A new choice for schools
It’s what you teach — along with how you teach it — that encourages students to learn. A national program under way in 19 Tulsa schools shows the results.
Oliver Wallace, principal of Central High School, says America’s Choice’s focus on increasing student achievement aligns well with the goals of the school’s fine and performing arts magnet program.
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Marilyn Pippin, a sixth-grade language arts teacher at Foster Middle School, says that before America’s Choice, getting her students to write a few lines “was like pulling teeth.”
Reading was also a challenge. She says her students were two to three years behind grade level in their literacy skills, and some had never finished reading a book in their lives.
But during the fall 2009 semester, all of this began to change.
That’s because Pippin had learned better ways to teach and reach her students, thanks to the national educational organization America’s Choice and its Ramp-Up curriculum.
Non-readers became bookworms and student reading levels jumped two to three years.
Foster Principal Darin Schmidt says literacy became a school-wide focus.
As part of America’s Choice’s 25 Book Campaign, he and Foster staff encouraged students to read at least 25 books during the school year. They enticed students with movie and end-of-year parties, prizes and public-address announcements from Schmidt describing his favorite books.
In the classroom, Pippin used America’s Choice-developed units, such as a mystery unit and Civil Rights Movement unit, which included specific books and lessons, to engage students. Her students also traveled to Cooper Elementary School to read with preschool students. They chose the books themselves, as well as created story maps and lesson plans.
As a result, Foster’s library more than doubled the number of books checked out to students.
“They just like to read now,” Pippin says of her students.
For America’s Choice leadership, these results are among a growing number of success stories from affiliated schools across the country.
America’s Choice began in 1989 as a program of the National Center on Education and the Economy (NCEE), a Washington, D.C., nonprofit organization. It became a for-profit subsidiary of NCEE in 2004.
America’s Choice offers “comprehensive, proven solutions to the complex problems educators face in the era of accountability,” according to its website. The organization works with 1,000 elementary, middle and high schools across the country, including Tulsa and Oklahoma City public schools.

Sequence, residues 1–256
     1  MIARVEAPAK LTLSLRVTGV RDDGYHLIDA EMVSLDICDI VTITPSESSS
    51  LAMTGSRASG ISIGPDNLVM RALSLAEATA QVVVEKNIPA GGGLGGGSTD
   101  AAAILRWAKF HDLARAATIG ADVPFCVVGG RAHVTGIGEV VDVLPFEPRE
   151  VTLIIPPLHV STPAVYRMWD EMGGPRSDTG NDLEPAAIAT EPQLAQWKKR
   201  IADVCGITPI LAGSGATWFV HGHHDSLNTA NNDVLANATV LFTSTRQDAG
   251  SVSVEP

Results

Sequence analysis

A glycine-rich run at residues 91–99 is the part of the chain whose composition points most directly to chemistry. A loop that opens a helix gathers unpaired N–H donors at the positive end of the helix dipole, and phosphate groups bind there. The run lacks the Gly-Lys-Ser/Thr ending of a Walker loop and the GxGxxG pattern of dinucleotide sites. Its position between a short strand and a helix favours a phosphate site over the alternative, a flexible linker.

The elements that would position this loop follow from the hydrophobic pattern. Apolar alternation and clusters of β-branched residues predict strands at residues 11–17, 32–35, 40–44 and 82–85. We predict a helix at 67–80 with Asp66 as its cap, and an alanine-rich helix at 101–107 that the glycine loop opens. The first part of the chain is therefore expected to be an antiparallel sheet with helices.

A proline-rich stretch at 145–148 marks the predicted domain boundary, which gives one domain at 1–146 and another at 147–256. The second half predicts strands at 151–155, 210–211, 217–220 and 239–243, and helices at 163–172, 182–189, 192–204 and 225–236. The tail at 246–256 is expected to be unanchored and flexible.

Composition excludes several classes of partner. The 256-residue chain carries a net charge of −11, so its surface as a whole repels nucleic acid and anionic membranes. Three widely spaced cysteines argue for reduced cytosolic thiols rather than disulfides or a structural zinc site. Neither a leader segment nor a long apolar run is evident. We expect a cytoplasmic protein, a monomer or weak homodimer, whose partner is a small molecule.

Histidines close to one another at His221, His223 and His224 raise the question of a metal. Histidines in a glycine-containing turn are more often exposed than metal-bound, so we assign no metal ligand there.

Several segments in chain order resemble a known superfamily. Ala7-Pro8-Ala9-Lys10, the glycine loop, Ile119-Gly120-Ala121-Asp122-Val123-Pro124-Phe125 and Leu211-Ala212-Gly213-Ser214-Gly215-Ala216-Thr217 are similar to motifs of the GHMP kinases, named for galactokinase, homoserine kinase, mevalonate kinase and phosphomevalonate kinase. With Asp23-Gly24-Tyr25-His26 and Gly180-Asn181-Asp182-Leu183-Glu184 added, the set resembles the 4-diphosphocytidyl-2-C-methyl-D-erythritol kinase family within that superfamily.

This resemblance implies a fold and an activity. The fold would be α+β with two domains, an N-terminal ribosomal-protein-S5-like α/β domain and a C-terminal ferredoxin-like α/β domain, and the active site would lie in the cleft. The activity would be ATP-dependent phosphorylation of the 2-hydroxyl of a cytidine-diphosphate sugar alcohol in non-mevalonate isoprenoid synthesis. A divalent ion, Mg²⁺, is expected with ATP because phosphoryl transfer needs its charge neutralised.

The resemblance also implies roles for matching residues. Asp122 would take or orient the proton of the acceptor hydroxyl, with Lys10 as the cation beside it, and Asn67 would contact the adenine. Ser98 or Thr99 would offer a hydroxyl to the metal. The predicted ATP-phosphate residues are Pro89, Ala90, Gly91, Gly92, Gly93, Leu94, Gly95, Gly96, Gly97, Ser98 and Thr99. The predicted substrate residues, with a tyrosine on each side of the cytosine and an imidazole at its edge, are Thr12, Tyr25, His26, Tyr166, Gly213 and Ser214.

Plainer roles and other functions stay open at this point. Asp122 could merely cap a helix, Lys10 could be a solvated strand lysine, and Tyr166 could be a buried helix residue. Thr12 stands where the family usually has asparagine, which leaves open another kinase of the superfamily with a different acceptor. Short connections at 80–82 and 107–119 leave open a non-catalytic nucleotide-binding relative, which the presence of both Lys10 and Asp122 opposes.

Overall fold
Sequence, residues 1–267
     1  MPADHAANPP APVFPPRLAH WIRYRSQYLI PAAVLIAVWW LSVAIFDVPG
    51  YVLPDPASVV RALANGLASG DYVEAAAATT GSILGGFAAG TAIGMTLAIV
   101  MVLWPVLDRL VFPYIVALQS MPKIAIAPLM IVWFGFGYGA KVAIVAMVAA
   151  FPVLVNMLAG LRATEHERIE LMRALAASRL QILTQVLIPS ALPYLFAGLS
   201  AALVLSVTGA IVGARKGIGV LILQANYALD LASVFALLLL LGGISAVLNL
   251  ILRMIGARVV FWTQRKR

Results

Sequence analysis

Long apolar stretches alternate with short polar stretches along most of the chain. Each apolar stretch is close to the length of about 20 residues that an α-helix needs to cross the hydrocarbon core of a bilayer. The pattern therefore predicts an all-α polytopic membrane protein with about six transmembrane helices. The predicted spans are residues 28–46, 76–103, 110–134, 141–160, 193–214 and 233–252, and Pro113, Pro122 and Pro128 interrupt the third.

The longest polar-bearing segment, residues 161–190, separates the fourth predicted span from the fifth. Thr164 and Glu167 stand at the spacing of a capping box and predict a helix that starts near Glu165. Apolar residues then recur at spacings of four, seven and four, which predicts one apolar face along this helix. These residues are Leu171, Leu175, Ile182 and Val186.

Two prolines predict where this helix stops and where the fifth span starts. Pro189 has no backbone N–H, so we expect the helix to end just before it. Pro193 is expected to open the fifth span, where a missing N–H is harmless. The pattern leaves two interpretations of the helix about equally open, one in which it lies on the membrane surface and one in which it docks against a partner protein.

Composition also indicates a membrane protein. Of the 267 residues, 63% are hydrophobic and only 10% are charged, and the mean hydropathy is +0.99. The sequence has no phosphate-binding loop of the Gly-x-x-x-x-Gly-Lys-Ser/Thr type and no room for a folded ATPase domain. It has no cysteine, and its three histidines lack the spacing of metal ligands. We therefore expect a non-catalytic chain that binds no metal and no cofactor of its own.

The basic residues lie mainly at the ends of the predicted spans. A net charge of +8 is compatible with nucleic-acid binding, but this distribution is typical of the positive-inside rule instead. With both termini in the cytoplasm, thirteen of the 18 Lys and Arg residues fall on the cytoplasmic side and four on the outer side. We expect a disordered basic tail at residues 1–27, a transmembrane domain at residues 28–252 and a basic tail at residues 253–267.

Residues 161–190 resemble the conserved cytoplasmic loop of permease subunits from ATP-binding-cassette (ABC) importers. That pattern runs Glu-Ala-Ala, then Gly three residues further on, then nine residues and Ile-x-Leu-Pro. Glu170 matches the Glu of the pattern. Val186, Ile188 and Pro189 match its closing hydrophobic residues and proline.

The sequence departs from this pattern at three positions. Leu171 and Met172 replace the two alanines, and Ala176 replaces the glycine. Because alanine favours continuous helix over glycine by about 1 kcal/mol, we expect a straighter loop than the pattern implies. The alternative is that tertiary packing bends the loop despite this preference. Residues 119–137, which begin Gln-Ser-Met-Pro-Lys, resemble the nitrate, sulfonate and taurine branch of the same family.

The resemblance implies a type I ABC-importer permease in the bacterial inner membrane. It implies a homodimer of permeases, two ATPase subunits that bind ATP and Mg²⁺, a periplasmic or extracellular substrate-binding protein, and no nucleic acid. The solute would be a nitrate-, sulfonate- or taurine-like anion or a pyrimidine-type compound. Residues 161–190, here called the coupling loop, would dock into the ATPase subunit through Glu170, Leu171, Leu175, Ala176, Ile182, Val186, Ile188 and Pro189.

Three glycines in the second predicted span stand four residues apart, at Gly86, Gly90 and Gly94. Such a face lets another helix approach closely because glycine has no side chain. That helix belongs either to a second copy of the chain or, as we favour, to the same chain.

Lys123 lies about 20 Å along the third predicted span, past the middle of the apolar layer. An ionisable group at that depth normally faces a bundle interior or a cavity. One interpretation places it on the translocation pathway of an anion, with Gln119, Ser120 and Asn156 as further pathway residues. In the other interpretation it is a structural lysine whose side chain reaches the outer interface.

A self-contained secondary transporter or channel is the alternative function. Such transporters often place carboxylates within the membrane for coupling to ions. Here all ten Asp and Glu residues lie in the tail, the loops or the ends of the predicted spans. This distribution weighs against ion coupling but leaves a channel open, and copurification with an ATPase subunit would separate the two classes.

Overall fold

Overall the organization works to provide outstanding learning opportunities for students and professional development for teachers, says Ken James, executive vice president and chief operating officer for America’s Choice.
“That’s the key,” he says. “It’s research based and based on the best practices that we’ve found … in the most high-performing districts and countries in the world as we’ve formatted our work.”
Tulsa Public Schools (TPS) first partnered with America’s Choice in May 2009. Financed with more than $3 million in federal Title I funds from the American Recovery and Reinvestment Act, America’s Choice is working with the district to implement the Rigor and Readiness Initiative into 19 middle and high schools. The initiative, which America’s Choice developed with ACT Inc., the company that creates the college preparation test, includes the Ramp-Up and Navigator curricula. Offered in math and literacy, Ramp-Up targets students who are far behind grade level and Navigator focuses on honing specific skills in these areas.
Earlier, America’s Choice representatives visited TPS classrooms to observe instructional approaches and share their observations with district leadership, James says.
They then worked with the district to develop a “plan of action,” he says. After schools introduced the initiative in fall 2009, America’s Choice continued to provide support through meetings with district leadership, principals and teachers, as well as regular site visits.